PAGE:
Specifics, such as the fact that the ships were attacked in international waters, raise the gravity of the case. But the attack on the ships shouldn’t be separated from the wider context in which it took place. “You can’t isolate this artificially from what’s happening in the wider conflict and the occupation and the blockade of Gaza. That was a forceful argument that we advanced in the review, that you can’t view this is an incidental, separate event. It’s clearly connected to the wider conflict and blockade,” says Dixon. He added: “That this conflict is in that part of the world is undoubtedly serious enough to warrant the ICC’s attention.”

One of the arguments made by the legal team representing the Mavi Marmara victims was the wider impact of the crimes if Israel was not held accountable. “We argued in the review that by not investigating these cases the ICC forgoes the rare opportunity to seek to deter similar, future attacks,” says Dixon. The Prosecutor’s failure to start the investigation before Protective Edge occurred – the July 2014 Israeli war on Gaza which killed over 2,000 Palestinians, mainly civilians – meant the “deterrence factor” was lost: “The fact that she could have been actively investigating the IDF for the attack on the Flotilla might have had an impact on whether the IDF were prepared to conduct the 2014 operation in the way that they did.”

If the case is re-examined Bensouda only has jurisdiction over what happened on the ship, not for what happened when the people on board were taken to Israel, detained and interrogated, because they were no longer on Comoros territory. “But as a matter of general criminal law you can always use surrounding evidence that’s outside of the jurisdiction to prove what’s happening within the jurisdiction,” says Dixon. “Even though the commanders were not on the ship they could still be held responsible for what happened on board. And you could certainly examine the contextual circumstances to understand the plan and the policy behind the attack. The Prosecutor could consider the wider evidence as being relevant to how and why the crimes were committed.”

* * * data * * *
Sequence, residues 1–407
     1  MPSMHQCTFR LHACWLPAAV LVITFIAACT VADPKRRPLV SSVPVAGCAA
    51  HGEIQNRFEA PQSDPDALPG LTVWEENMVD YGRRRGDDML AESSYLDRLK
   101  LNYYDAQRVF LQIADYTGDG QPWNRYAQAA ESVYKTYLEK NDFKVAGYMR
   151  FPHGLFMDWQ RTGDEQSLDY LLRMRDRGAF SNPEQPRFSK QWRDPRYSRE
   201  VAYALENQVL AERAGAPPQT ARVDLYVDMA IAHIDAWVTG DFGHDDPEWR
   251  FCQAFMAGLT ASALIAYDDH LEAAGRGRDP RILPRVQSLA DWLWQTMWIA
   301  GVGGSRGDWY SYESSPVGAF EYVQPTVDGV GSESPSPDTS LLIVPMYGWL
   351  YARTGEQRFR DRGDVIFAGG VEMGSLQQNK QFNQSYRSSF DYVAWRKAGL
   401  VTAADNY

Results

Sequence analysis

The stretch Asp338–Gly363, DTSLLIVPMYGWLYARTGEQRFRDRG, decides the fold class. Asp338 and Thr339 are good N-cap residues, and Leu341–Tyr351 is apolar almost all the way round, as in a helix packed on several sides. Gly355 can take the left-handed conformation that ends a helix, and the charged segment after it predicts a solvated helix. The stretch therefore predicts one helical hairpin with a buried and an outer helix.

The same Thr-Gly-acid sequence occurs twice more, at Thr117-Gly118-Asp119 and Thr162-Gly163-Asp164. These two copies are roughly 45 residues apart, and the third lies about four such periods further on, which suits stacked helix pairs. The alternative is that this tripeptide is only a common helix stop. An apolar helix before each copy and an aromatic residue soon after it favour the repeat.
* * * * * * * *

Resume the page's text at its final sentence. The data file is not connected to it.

Justice can also be pursued in national courts. Last year a Spanish judge pressed the government to pursue legal proceedings on behalf of the three Spanish passengers that were on board the Mavi Marmara, whilst in Turkey a criminal trial in absentia has begun. UK police have been asked to investigate the case and exercise universal jurisdiction regarding torture and grave breaches of the Geneva Conventions to arrest those involved when they travel to the country, according to Dixon. That said, cases at the ICC attract more international attention, and the Prosecutor can seek co-operation through states and the Security Council to arrest people wherever they travel.

Fatou Bensouda has been criticised for only investigating inside Africa and her failure to examine the Mavi Marmara case has not dispelled any of these criticisms. “I think it does affect perceptions and the integrity of the court when there is strong compelling evidence that should at least be investigated and that is refused,” says Dixon, “particularly where, as the judges said, this was an operation that gained significant international attention, there were two UN reports and investigations on it.”

“It is most important that there’s consistency and transparency in the decisions being made about whether to investigate a particular situation or not and that these decisions can be scrutinised by the Court.”

Written by Amelia Smith

Published in Middle East Monitor